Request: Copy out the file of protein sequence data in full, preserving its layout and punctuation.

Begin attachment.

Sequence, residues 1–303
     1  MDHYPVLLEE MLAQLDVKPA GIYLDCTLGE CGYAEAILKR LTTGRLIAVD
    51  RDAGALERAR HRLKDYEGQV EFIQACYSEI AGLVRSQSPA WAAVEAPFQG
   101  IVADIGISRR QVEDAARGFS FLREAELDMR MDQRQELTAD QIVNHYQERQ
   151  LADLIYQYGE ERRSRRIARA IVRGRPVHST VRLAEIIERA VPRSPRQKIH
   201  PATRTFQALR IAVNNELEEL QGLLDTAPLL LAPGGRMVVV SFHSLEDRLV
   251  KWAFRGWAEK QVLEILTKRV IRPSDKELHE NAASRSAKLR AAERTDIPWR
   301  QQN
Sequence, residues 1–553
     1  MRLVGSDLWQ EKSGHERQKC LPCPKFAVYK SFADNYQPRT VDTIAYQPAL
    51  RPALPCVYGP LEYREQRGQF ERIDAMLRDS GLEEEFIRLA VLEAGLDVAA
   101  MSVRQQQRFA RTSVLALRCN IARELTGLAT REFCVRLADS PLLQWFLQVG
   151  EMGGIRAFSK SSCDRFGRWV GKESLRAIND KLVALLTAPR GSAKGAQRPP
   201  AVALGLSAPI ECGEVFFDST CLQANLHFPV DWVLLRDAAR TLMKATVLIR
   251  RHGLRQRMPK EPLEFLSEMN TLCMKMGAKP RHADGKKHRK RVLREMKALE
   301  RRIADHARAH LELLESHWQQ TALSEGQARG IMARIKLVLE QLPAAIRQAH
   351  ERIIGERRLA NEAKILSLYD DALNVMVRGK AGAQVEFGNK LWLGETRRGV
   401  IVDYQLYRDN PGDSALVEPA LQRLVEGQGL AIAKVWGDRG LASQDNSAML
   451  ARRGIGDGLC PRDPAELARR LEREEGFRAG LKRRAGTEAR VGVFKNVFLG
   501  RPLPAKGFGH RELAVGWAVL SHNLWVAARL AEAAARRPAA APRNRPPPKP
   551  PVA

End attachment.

Sequence, residues 1–303
     1  MDHYPVLLEE MLAQLDVKPA GIYLDCTLGE CGYAEAILKR LTTGRLIAVD
    51  RDAGALERAR HRLKDYEGQV EFIQACYSEI AGLVRSQSPA WAAVEAPFQG
   101  IVADIGISRR QVEDAARGFS FLREAELDMR MDQRQELTAD QIVNHYQERQ
   151  LADLIYQYGE ERRSRRIARA IVRGRPVHST VRLAEIIERA VPRSPRQKIH
   201  PATRTFQALR IAVNNELEEL QGLLDTAPLL LAPGGRMVVV SFHSLEDRLV
   251  KWAFRGWAEK QVLEILTKRV IRPSDKELHE NAASRSAKLR AAERTDIPWR
   301  QQN
Sequence, residues 1–553
     1  MRLVGSDLWQ EKSGHERQKC LPCPKFAVYK SFADNYQPRT VDTIAYQPAL
    51  RPALPCVYGP LEYREQRGQF ERIDAMLRDS GLEEEFIRLA VLEAGLDVAA
   101  MSVRQQQRFA RTSVLALRCN IARELTGLAT REFCVRLADS PLLQWFLQVG
   151  EMGGIRAFSK SSCDRFGRWV GKESLRAIND KLVALLTAPR GSAKGAQRPP
   201  AVALGLSAPI ECGEVFFDST CLQANLHFPV DWVLLRDAAR TLMKATVLIR
   251  RHGLRQRMPK EPLEFLSEMN TLCMKMGAKP RHADGKKHRK RVLREMKALE
   301  RRIADHARAH LELLESHWQQ TALSEGQARG IMARIKLVLE QLPAAIRQAH
   351  ERIIGERRLA NEAKILSLYD DALNVMVRGK AGAQVEFGNK LWLGETRRGV
   401  IVDYQLYRDN PGDSALVEPA LQRLVEGQGL AIAKVWGDRG LASQDNSAML
   451  ARRGIGDGLC PRDPAELARR LEREEGFRAG LKRRAGTEAR VGVFKNVFLG
   501  RPLPAKGFGH RELAVGWAVL SHNLWVAARL AEAAARRPAA APRNRPPPKP
   551  PVA